Wednesday, 3 June 2009

Offsetting - "A dangerous distraction"

Friends of the Earth has characterised offsetting as "having a disastrous impact on the prospects for averting catastrophic climate change" in a report published this week. Entitled "A Dangerous Distraction", the report aims to pull together the evidence on offsetting ahead of the UN talks in Copenhagen in December.

The report primarily looks at the country level and the UK as a case in point, but the arguments is relevant for all uses of offsetting. Friends of the Earth does not mince its words;" There is a growing and credible body of evidence and opinion that offsetting is not working; that it is undermining efforts to prevent dangerous climate change and supporting sustainable development; that it is profoundly unjust, and that it cannot successfully be reformed".

The full report is here, but to summarise the main reasons put forward for the failure of offsetting (and to paraphrase to make it relevant at the company level):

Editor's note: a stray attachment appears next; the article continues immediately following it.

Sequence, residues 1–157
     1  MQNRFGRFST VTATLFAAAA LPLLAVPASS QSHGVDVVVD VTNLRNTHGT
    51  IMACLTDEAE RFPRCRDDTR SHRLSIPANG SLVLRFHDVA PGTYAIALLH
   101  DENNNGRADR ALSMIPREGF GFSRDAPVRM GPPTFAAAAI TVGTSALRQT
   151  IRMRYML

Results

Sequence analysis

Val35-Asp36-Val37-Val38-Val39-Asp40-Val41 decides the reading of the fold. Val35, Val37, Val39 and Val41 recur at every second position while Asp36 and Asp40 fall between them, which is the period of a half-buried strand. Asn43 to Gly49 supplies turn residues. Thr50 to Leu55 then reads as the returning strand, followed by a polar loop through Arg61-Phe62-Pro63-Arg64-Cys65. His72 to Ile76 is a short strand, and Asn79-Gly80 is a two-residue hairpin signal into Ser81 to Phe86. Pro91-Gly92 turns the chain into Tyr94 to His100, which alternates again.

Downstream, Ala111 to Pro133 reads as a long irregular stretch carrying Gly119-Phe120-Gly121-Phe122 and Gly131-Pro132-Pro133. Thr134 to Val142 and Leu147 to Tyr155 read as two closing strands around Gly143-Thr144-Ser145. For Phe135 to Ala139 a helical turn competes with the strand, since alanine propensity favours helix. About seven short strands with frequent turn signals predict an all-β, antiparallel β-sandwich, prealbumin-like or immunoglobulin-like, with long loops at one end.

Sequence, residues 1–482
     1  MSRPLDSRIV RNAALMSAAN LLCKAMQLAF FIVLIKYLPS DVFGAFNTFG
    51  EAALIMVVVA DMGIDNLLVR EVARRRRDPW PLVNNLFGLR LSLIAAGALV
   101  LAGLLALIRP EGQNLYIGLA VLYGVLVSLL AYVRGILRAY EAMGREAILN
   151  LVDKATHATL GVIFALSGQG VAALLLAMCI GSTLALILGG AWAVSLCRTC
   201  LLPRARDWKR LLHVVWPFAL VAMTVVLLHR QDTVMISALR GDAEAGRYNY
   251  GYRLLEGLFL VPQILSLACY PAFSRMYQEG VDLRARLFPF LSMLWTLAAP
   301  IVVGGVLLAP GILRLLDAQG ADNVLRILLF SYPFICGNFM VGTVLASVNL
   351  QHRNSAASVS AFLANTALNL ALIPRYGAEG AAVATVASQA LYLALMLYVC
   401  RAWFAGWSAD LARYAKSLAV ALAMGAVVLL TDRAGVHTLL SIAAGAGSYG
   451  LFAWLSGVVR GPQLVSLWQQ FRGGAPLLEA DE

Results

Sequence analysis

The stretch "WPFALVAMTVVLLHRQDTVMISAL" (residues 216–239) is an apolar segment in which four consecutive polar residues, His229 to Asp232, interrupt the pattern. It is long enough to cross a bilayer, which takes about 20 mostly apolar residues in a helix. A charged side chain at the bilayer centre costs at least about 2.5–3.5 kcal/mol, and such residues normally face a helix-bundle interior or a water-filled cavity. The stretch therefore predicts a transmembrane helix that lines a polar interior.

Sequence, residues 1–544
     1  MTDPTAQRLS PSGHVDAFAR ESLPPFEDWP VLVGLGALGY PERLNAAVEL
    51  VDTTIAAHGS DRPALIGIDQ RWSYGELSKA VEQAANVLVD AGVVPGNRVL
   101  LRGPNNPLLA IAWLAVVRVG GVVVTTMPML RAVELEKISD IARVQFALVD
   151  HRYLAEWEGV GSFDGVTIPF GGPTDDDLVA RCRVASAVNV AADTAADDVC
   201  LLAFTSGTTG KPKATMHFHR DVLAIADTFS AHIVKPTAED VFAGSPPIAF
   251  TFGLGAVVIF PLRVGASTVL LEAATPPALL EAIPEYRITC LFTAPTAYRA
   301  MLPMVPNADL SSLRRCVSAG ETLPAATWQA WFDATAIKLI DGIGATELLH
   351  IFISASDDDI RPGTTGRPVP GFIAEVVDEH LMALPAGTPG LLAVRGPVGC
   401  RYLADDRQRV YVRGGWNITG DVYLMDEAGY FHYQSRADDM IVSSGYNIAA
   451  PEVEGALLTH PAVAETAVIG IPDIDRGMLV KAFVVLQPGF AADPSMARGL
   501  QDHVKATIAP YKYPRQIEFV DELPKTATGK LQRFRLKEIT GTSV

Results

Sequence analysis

- Less carbon is cut - reductions are in one place, not both ends of the arrangement

- Many 'offset' projects would happen anyway, whether or not used to offset emissions

- There are no guarantees of emissions cuts

- It delays necessary changes in the offsetting country/company

- It undermines low-carbon development in developing countries

Offsetting has had a bad name for some time, so it's no surprise that there are calls for it to be removed from the equation.

To be fair, most of the main IT companies only quote offsetting as a last resort to achieve their emissions reductions targets, but they would be well advised to remove offsetting altogether. It's in danger of losing all credibility and being treated as 'greenwashing', rather than a serious attempt to reduce the impact of emissions.

Of course considerations as to whether offsetting is a legitimate activity also has an impact on those companies developing carbon counting and trading solutions. Offsetting is often an option built in to the reduction targeting aspects of the software, although since such solutions are primarily offered on a 'software-as-a-service' basis it will make no difference to most users.

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